Yard signs appear to link unaligned candidates

February 2, 2010 2:14:27 PM PST
If you've lived in this city long enough, you've no doubt witnessed a few political dirty tricks leading up to Election Day. And this year is no different. ABC 7's Ben Bradley reports the latest chapter: Yard signs suggesting political alliances that don't exist. If you're running as a reformer on Chicago's North Side, it's not the best campaign strategy to have your name linked to Todd Stroger's. But that's just what's happening in the race to fill a county board seat long held by one of Stroger's biggest critics.

"It's old school politics at its worst," said State Rep. John Fritchey, (D) Cook County commissioner candidate.

Signs have been sprouting in Chicago's Lincoln Park and Bucktown neighborhoods that appear to show John Fritchey and Todd Stroger are politically married, teammates intent on trumpeting their alliance. The reality is John Fritchey supports Stroger's opponent, Toni Preckwinkle. Todd Stroger's name is politically toxic in this district.

"Suffice to say that they didn't associate me with Todd in an effort to help me," said Fritchey.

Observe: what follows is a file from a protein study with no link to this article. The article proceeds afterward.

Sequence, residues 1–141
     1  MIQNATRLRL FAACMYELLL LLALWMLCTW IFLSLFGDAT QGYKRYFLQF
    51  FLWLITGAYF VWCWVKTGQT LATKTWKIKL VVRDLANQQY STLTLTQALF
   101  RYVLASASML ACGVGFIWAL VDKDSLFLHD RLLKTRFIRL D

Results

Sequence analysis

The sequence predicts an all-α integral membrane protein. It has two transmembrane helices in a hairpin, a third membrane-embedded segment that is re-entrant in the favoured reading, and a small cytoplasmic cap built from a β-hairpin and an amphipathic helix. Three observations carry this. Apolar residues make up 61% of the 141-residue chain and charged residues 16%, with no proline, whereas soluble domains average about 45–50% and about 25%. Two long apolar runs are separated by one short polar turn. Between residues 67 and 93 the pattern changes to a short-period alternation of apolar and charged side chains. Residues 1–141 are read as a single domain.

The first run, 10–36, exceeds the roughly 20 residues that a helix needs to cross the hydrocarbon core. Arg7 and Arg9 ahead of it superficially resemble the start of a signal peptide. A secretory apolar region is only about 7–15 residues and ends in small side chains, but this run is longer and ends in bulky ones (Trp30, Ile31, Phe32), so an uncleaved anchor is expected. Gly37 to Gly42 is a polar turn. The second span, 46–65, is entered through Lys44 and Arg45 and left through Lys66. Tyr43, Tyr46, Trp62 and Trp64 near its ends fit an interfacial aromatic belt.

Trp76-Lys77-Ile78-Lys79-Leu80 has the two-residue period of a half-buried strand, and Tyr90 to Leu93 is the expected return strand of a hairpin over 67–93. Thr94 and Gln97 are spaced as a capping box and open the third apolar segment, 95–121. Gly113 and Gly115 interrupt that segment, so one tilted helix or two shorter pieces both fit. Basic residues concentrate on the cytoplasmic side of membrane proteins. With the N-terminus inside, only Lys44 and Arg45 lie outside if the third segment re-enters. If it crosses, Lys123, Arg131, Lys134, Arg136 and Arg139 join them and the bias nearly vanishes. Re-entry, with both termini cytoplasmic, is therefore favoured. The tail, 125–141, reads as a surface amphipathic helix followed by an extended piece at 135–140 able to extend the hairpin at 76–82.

Fritchey says his opponent, former Alderman Ted Matlak, is behind the bogus signs, which don't contain a legally mandated line stating who paid for them. Matlak denies it and declined to be interviewed for this story.

"When you look at the size of the signs, side by side, what they were printed on, they were obviously done at the same print house, at the same time. There's little question in my mind what happened here," said Fritchey.

"It's a standard loser's dirty trick," said Don Rose, political consultant.

Rose says, in a city that's seen candidates use Irish names to win votes and a man named Jesse Jackson slated to run against the Jesse Jackson, Junior, the sign shenanigans are small potatoes.

"If this race were going to be close, which it is not, it would make a difference at the edges, because it would make people wonder what's going on," said Rose.

"I have a lot of faith that the voters are smarter than that, and hopefully by the end of tonight I'll be proven right," said Fritchey.

Fritchey is distributing flyers that say Ted Matlak is the "real" supporter of Todd Stroger, citing campaign finance records that show Matlak donated to Stroger in 2005.

A spokesman for the Cook County Board president says Stroger is not aligned with anyone in this particular race.